Grease leftover from cooking, along with uncooked animal fats from the butchering process would be saved (yuck!) until the once or twice-a-year soap-making event. This smelly job took all day (or longer) and was conducted outdoors as to not be trapped inside with the most unpleasant odors. Fats were combined with an equal quantity of water and boiled slow and long. Eventually the water and impurities would fall to the bottom, and the rendered fat (desirable end-product) would rise to the top. The pot would be removed from the fire, allowed to cool, and the separated rendered fat to harden.

Soap Factory - Fabrication du Savon - 19th century : ca 1870

Soap Factory – Fabrication du Savon – 19th century : ca 1870


Soap-making companies have been around (in the United states) since the very early 1800’s.  The commercial soap company Peet Brothers Co., Kansas City, KS, was in business as early as 1872. Urban legend suggests Ivory Soap’s debut was little more than absentmindedness when a soap maker left his station at Proctor and Gamble for his lunch break in 1879 without turning off the machine. Extra air was whipped into the white soap, creating a “mistake” people kept asking for. This myth was debunked when archivists discovered chemist James N. Gamble’s notes regarding the process of creating this better soap formula. The company used the slogan “the soap that floats” in the early 1890’s. An 1898 marketing poster illustrates a miner, far away from the comforts of city life, washing in a pond, with the most affordable, most versatile, most pure soap floating at his side.

The presence of commercial soap didn’t necessarily reach the frontier, making it necessary for homesteaders to continue making their own throughout the Old West Era. Eventually, soap became readily available at General Stores, but many considered it downright unnecessary to spend hard-earned money on something they could create with their own two hands.

I think I would’ve been one of the first women to eagerly barter for ready-made soap at the General Store. What about you? Would you find soap-making a fulfilling, rewarding task? … or not?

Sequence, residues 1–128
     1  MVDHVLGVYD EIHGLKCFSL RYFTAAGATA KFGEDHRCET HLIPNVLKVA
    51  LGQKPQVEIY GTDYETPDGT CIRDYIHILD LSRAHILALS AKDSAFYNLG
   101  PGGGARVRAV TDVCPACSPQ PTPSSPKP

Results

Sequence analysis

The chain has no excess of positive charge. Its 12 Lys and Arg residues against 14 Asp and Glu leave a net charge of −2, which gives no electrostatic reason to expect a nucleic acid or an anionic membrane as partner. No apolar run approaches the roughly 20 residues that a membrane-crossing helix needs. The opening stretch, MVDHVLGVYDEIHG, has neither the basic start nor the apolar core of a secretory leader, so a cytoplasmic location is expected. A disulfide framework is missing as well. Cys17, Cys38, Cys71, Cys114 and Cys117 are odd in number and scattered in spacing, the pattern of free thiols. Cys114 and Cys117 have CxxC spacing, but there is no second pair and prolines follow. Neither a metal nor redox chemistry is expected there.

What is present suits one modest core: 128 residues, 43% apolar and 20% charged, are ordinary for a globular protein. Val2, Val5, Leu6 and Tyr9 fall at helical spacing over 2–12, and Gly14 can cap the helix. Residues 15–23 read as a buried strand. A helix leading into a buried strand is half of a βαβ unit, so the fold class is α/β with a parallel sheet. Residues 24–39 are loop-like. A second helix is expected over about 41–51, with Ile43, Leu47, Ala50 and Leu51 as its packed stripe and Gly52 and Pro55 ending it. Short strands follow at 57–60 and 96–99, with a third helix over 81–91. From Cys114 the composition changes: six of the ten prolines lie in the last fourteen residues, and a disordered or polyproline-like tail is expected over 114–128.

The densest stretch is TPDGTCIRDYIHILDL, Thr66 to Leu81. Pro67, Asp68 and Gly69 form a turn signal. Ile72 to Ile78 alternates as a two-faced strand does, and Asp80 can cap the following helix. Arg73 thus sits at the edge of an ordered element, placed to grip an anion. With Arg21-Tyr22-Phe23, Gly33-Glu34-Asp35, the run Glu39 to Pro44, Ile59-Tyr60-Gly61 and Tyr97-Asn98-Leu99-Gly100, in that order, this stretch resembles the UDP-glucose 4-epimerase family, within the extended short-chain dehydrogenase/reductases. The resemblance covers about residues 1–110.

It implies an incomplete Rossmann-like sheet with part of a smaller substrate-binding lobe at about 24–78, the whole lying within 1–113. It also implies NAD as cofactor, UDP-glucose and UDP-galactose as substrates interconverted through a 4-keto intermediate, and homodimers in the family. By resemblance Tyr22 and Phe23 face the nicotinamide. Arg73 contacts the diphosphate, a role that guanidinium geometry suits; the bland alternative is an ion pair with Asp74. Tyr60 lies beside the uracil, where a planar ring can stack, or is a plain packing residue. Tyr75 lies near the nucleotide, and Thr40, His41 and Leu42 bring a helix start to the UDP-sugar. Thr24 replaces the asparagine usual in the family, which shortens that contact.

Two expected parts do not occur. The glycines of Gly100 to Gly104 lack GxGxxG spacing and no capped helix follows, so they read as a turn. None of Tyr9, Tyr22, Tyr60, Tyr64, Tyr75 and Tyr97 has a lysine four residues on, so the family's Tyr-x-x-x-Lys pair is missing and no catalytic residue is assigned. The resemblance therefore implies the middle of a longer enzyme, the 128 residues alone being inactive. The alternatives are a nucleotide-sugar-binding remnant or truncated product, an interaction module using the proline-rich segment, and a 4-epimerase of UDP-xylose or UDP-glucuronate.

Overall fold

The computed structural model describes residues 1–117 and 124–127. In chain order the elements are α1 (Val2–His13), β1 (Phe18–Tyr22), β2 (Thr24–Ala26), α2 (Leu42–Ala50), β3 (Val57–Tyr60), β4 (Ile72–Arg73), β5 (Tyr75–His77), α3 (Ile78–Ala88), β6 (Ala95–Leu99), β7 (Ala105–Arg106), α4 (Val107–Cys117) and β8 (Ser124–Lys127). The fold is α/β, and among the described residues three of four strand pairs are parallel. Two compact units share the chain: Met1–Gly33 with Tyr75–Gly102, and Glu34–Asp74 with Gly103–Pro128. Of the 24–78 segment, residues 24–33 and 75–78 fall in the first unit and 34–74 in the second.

1. Ancient Babylonians made and used soap.
  2. 7th Century Arab chemists made the first plant-oil soaps, perfuming and coloring their liquid and solid products.
  3. Soap fell out of favor with the fall of the Roman Empire in the late 4th century. The Roman Catholic Church saw bathing (and soap use) as hedonistic.
  4. In the 8th century, soap making was well-known in Italy and Spain.
  5. Many claim making soap became ubiquitous, mid-19th century, because of two wars: the Crimean War (1854-1857) and the American Civil War (1861-1865). Florence Nightingale brought hygiene into British field hospitals in late 1854 and British deaths due to disease decreased. This lesson was not lost on Americans who instituted hygienic reforms among soldiers. Having become accustomed to regular soap use, soldiers returning from battle brought their new, clean habits home.
  6. Lye Soap is actually not caustic to skin, clothing, wood or anything else. A chemical reaction bonds lye with fat, and creates an entirely different compound–soap.

Please share this post with anyone interested in history.

Soap Making on the Old West Homestead Lady Victoria(n)’s Secret Mail-Order Catalogs: Timeline & Truth  Mail-Order Catalogs in the Old West P.S.: Old Laundry Implements…On Vacation 19th Century Washing Machines Warsh: Grandma’s Receet (Washing/Laundry, Granny’s Recipe) Spring Cleaning, Victorian Style…the wallpaper?

 Copyright © 2015  Kristin Holt, LC